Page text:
My relationship with eggplant over the years has not been one of gastronomic appreciation. The purplest member of the nightshade family, despite technically being a berry, is not — in my opinion — a very tasty treat. Still, people have attempted to persuade me to see it otherwise. What it is about the eggplant specifically that inspires such evangelical behavior I’m not sure, but it seems everybody has that killer recipe that’ll win me over, and the opinion that nobody else knows how to cook it.

Historical context: suffer the children

Growing up in the Schmiesing household one thing was abundantly clear around mealtime, no matter how passionately you made your case for not liking what was being served (and believe me, my sisters and I had a passion that could — under most circumstances — make your average parent cave), you were going to eat what was on your plate. End of story. That’s it.

“This is not a restaurant”, my mom would say, “There isn’t any ordering”.

Most of the time we would accept our collective fate — albeit with some persuasive words from our parents — and get through the said distasteful item with as little chewing and tongue contact with it as possible. But there were those times when something was served often enough that it almost began to feel as though we were the butt of some sadistic joke. My mom’s battered eggplant with maple syrup was one of those suspicious dishes.

After years of being served this impressively horrible dish almost monthly the seeds of revolution began to sprout and rebellion became eminent. Our sheer numbers (4 to 2) gave us the confidence to stand tall, except the likely blowback and to say, “Enough is enough. We are but children, why must you torture us so?”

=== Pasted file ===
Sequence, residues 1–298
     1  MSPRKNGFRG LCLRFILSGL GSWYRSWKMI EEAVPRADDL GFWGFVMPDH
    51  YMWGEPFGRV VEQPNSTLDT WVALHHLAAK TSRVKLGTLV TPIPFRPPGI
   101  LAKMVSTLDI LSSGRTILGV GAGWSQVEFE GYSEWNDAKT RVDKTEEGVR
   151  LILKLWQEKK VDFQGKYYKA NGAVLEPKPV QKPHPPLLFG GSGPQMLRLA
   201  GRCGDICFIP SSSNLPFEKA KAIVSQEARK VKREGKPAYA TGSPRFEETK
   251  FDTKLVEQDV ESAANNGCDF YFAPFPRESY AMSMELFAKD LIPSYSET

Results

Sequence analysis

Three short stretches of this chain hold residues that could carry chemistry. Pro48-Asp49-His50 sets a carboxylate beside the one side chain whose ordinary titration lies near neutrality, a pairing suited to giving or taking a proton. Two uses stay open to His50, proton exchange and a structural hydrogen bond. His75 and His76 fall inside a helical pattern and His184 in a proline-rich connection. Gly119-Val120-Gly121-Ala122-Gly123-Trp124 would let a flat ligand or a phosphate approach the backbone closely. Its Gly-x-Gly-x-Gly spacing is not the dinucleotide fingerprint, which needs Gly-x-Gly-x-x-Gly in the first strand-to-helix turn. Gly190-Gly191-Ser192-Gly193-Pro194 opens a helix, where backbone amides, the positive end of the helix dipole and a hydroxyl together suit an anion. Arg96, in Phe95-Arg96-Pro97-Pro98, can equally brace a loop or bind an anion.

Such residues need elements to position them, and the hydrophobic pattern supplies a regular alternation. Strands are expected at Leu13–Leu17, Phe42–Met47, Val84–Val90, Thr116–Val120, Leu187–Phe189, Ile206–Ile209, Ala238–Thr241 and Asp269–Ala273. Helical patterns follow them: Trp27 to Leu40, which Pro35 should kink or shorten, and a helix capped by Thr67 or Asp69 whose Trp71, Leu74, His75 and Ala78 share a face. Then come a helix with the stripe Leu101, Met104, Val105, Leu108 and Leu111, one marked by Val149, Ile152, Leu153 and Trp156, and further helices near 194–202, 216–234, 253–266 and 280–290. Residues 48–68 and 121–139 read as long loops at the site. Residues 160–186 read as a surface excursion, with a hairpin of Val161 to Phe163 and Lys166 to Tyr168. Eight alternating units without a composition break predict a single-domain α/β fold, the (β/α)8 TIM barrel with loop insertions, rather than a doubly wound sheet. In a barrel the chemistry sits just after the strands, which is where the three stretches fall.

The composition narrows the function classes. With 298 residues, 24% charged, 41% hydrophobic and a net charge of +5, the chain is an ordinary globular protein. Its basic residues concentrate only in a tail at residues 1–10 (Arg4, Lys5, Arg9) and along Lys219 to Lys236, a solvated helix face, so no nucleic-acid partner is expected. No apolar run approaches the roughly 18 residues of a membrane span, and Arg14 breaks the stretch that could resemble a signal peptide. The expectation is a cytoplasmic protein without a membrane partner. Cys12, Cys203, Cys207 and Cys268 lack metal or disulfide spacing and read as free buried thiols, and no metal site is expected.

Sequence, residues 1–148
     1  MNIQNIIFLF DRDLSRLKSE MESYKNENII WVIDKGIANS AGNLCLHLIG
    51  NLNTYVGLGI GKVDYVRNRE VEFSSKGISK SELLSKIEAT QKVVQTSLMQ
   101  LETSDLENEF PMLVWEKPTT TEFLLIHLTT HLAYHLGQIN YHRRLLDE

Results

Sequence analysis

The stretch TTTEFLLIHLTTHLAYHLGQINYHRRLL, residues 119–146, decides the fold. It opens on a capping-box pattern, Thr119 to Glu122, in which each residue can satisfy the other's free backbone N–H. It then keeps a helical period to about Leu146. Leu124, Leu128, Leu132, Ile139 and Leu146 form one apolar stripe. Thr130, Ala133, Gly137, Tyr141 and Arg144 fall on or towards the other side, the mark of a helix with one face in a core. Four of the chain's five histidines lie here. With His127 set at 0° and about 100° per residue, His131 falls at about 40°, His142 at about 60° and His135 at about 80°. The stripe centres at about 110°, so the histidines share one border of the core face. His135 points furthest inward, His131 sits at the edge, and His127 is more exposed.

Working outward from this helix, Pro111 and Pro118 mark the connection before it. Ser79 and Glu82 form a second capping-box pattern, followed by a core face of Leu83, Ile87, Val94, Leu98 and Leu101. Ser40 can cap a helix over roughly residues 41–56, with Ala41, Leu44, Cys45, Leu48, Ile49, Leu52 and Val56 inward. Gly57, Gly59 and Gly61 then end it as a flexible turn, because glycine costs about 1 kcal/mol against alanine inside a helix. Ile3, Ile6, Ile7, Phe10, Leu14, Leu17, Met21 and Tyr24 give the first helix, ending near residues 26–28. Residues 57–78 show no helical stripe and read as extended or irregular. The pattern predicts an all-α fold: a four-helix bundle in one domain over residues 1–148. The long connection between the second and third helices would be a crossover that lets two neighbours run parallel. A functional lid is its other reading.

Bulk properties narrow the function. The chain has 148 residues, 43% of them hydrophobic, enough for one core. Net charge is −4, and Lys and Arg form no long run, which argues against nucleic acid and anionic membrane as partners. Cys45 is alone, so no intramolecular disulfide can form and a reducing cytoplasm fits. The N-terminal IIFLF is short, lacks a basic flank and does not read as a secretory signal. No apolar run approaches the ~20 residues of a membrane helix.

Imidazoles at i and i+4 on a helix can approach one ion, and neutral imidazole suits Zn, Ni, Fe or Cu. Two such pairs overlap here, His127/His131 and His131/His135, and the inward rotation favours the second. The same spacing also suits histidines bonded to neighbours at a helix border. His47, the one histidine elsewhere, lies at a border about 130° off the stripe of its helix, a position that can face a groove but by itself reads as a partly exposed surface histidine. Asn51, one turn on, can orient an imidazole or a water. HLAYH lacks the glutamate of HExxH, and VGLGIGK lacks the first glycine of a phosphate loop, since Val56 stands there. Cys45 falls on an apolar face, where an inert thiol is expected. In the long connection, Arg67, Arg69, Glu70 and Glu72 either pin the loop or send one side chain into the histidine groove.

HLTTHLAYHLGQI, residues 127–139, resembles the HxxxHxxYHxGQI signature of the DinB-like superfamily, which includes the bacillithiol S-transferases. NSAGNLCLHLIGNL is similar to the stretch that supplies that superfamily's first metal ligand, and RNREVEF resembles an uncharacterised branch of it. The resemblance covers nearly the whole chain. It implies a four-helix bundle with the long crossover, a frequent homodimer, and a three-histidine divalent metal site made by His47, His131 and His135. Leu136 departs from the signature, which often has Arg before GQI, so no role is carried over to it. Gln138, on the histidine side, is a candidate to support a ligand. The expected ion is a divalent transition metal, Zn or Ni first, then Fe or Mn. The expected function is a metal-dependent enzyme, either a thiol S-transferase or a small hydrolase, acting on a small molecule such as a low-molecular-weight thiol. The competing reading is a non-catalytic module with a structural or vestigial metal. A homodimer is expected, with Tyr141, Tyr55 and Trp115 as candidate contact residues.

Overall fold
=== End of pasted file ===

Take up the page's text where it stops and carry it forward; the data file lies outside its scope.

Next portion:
Of course, we had no idea what would come of our insolence, but what did was so absurdly funny, heartwarming, and like O Henry’s The Gift of the Magi in its irony that to this day I am forever grateful for the eggplant.

“I make it because your father likes it”, my mom said.

In unison we turned to stare down the apparent source of our eternal suffering… my pop. Sure, my mom may have been making the dish, but it was at the request of my father — the responsibility was his.

“No I don’t”, my father replied, looking a little confused and quite clearly feeling the heat from his four children’s eyes bearing up on him.

“Yes you do”, my mom said. An embarrassed smile starting to slide over her face. “Why else would make it so often?”

“I don’t know, I thought you liked it.”

“No, I make it because you like it”, my mom answered, laughing.

Baffled, my sisters and I couldn’t believe our ears. Could it really be possible that all our suffering was over our parent’s lack of communication?

Hello. Mom meet dad, dad meet mom.

“Why didn’t you say something?”, I asked my dad. “We all would’ve been spared”.

At this point the whole table erupted in laughter; a seachange had occurred and us kids were feeling pretty optimistic about our future.